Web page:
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C. Reylé (Observatoire de Besancon), D.C. Boice (SWRI, San Antonio)
S2 has been detected in only three comets: Comet IRAS-Araki-Alcock in 1983, Comet Hyakutake in 1996 and Comet Lee in 1999. It has a very short lifetime and is therefore concentrated in the innermost coma where dynamics, optical depth effects and chemistry are most important. Up to now, pure vibrational models have been used to analyse the data. To interpret recent high-resolution S2 observations of Comet Hyakutake, a model including the rotational structure of the molecule is needed.
We performed a time-dependent model where rotational levels are included and, furthermore, we combined the resulting spectra with a gas dynamics model of the coma with detailed chemistry. This model is suitable to interpret high spectral resolution observations and also to study the evolution of S2 fluorescence in different coma regions.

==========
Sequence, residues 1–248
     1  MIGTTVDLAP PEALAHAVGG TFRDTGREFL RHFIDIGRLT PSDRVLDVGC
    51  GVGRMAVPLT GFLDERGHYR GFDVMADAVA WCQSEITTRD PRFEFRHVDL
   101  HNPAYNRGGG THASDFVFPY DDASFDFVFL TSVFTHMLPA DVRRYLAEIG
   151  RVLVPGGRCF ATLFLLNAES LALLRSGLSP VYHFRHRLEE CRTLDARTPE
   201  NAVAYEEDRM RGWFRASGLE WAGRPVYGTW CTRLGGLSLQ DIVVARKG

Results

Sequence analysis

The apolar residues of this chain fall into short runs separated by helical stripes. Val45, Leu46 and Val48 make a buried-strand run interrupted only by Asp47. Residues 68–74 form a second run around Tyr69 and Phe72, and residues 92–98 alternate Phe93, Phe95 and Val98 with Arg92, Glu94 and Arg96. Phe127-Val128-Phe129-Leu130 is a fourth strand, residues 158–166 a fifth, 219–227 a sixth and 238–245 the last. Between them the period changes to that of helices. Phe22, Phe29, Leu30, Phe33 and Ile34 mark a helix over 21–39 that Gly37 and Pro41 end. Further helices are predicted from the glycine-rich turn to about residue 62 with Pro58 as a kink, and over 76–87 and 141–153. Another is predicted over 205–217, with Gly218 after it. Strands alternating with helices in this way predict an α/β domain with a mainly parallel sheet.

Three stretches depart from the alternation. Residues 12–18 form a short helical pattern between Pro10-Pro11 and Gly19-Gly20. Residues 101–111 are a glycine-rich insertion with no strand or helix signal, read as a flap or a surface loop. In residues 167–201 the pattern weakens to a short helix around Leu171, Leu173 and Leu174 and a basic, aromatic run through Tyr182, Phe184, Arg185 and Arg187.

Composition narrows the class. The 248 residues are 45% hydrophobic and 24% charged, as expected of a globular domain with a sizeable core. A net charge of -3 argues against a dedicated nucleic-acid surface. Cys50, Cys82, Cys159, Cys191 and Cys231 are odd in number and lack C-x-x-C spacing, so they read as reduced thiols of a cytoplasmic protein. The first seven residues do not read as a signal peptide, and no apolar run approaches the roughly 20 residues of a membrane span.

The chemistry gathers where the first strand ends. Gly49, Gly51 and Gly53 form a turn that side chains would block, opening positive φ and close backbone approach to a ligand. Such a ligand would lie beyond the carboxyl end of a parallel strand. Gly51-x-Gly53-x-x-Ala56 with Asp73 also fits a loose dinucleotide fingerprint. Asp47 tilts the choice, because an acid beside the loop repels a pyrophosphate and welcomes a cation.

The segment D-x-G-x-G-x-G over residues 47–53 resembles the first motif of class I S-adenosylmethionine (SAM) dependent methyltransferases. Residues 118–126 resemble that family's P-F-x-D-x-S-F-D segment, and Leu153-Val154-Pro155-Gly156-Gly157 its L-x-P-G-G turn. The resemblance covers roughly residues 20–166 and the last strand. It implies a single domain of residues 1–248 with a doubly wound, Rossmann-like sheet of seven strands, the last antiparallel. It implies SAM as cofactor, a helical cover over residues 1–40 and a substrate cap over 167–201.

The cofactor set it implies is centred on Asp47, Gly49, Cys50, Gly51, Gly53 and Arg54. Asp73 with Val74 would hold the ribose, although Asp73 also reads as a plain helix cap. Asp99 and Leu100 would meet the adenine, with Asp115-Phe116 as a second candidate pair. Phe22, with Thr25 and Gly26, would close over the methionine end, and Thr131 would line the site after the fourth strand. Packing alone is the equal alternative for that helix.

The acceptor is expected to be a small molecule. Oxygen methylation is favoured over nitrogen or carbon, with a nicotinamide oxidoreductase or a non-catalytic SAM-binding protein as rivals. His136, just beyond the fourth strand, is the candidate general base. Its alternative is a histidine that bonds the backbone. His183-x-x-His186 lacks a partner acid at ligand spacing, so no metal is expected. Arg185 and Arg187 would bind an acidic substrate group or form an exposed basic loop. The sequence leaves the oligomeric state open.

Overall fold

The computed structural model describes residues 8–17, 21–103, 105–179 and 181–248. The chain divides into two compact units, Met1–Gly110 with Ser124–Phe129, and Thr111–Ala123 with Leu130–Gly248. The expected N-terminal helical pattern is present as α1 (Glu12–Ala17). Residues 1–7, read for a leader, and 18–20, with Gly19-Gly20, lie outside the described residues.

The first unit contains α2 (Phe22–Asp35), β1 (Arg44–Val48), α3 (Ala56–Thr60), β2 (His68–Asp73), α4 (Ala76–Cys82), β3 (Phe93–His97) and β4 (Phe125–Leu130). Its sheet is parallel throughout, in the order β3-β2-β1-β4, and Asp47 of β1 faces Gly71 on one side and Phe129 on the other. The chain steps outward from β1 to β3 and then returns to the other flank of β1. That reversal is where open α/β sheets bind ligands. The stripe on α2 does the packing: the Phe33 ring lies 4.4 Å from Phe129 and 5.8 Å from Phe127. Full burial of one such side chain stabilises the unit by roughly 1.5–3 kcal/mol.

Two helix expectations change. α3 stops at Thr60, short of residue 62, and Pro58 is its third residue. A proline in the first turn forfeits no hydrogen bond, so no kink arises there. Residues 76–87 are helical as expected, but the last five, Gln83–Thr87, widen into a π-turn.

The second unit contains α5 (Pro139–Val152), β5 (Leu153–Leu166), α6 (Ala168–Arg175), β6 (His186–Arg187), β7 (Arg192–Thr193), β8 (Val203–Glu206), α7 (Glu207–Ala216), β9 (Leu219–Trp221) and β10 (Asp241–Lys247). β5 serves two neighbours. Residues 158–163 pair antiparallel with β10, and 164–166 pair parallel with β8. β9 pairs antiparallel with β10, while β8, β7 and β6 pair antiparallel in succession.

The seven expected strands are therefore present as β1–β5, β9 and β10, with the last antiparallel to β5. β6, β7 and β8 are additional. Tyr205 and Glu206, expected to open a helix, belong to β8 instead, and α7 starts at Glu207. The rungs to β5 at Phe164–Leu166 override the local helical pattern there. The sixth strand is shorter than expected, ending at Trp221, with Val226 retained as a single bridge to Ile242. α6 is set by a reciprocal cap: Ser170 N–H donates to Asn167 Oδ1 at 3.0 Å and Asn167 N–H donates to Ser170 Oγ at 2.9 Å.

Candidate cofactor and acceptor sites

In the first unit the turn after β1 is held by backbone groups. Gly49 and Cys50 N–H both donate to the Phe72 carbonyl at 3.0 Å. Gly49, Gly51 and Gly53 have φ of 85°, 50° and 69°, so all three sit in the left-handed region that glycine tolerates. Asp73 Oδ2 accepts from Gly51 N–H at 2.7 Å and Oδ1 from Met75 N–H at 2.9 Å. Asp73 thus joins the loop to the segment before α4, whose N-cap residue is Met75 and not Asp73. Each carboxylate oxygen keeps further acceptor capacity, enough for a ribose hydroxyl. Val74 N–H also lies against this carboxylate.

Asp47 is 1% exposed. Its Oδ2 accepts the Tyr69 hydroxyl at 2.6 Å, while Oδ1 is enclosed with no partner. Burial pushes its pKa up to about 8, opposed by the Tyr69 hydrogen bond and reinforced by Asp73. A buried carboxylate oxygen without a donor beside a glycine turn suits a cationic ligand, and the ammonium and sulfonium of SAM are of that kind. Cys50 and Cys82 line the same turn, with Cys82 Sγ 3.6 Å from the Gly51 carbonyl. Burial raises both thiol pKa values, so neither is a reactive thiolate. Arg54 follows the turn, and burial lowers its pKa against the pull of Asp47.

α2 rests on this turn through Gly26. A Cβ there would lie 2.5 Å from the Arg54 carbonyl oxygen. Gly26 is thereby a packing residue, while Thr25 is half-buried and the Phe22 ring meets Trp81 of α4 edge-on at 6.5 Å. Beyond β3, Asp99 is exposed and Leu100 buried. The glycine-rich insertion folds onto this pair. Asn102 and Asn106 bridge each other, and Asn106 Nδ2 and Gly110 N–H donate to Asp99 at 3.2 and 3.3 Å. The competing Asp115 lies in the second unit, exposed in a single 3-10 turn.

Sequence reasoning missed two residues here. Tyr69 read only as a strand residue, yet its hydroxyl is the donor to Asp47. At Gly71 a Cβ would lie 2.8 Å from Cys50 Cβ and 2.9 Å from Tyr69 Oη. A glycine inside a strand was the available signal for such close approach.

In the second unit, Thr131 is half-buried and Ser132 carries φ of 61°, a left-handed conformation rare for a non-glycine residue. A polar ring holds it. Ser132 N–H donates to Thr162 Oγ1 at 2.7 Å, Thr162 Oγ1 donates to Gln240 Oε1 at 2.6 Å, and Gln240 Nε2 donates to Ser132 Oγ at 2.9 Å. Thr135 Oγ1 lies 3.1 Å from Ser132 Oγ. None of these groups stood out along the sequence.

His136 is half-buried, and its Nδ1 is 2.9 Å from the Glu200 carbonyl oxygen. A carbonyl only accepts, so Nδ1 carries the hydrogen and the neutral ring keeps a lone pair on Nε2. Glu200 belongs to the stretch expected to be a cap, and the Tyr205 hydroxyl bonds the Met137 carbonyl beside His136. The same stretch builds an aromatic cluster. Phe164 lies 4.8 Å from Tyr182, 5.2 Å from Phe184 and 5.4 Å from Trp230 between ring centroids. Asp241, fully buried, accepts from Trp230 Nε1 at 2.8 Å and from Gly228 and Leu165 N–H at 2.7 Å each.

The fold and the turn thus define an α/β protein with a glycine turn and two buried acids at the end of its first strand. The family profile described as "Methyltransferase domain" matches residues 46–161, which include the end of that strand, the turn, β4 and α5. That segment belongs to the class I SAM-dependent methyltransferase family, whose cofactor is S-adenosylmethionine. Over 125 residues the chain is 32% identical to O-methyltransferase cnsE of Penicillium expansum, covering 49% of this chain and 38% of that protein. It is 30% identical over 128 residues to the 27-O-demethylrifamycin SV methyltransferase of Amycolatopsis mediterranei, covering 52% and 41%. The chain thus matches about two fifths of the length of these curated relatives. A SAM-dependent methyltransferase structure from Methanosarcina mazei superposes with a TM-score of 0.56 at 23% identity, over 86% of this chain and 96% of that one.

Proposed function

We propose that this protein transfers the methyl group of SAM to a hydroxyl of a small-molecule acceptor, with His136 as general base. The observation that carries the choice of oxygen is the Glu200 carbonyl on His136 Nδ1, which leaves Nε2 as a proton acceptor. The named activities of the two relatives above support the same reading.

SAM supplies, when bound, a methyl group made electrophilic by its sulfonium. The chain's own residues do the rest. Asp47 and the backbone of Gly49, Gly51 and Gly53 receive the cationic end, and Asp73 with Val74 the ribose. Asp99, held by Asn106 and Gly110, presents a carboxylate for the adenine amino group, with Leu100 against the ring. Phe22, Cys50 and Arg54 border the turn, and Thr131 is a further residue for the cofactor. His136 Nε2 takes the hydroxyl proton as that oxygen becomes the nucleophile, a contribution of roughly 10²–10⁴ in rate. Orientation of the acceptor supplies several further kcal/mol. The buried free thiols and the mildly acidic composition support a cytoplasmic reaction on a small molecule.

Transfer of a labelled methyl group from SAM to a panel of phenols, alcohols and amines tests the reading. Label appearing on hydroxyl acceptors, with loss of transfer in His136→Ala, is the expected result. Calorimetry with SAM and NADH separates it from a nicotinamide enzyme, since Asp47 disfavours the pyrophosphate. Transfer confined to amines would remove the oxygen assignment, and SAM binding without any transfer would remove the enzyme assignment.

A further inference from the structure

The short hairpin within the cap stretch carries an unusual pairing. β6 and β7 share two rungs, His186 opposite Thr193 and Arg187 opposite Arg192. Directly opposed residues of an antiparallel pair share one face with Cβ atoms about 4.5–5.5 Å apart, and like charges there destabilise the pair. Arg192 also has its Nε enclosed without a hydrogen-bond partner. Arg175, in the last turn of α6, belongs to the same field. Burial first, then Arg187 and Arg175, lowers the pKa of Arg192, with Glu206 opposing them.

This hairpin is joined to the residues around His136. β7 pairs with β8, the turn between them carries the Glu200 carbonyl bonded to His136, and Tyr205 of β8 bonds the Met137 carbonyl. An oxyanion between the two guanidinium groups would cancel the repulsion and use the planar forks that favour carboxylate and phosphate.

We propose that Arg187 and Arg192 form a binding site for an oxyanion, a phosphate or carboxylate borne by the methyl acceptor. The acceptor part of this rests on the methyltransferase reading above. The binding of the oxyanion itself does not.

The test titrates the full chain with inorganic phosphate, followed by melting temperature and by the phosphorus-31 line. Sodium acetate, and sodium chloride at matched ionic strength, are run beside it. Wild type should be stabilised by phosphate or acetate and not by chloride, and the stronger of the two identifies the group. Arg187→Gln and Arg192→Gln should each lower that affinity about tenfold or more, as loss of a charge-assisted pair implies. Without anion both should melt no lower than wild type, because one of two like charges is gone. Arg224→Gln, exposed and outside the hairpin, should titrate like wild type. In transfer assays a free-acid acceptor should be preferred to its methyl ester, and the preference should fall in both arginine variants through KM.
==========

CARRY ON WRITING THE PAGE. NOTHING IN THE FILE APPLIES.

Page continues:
We show that the global population of the vibrational levels become constant very quickly, due to the numerous rotational levels that allow the electrons to reach higher levels at a faster rate. The use of a pure vibrational model to interpret the relative intensities, even for moderate resolution spectra such as those taken by IUE, can lead to errors in estimating the effective exposure time of S2 in the coma and therefore to false assumptions on the lifetime.
Support for this work was provided by NSF and the visiting researcher program of the University of Franche-Comté.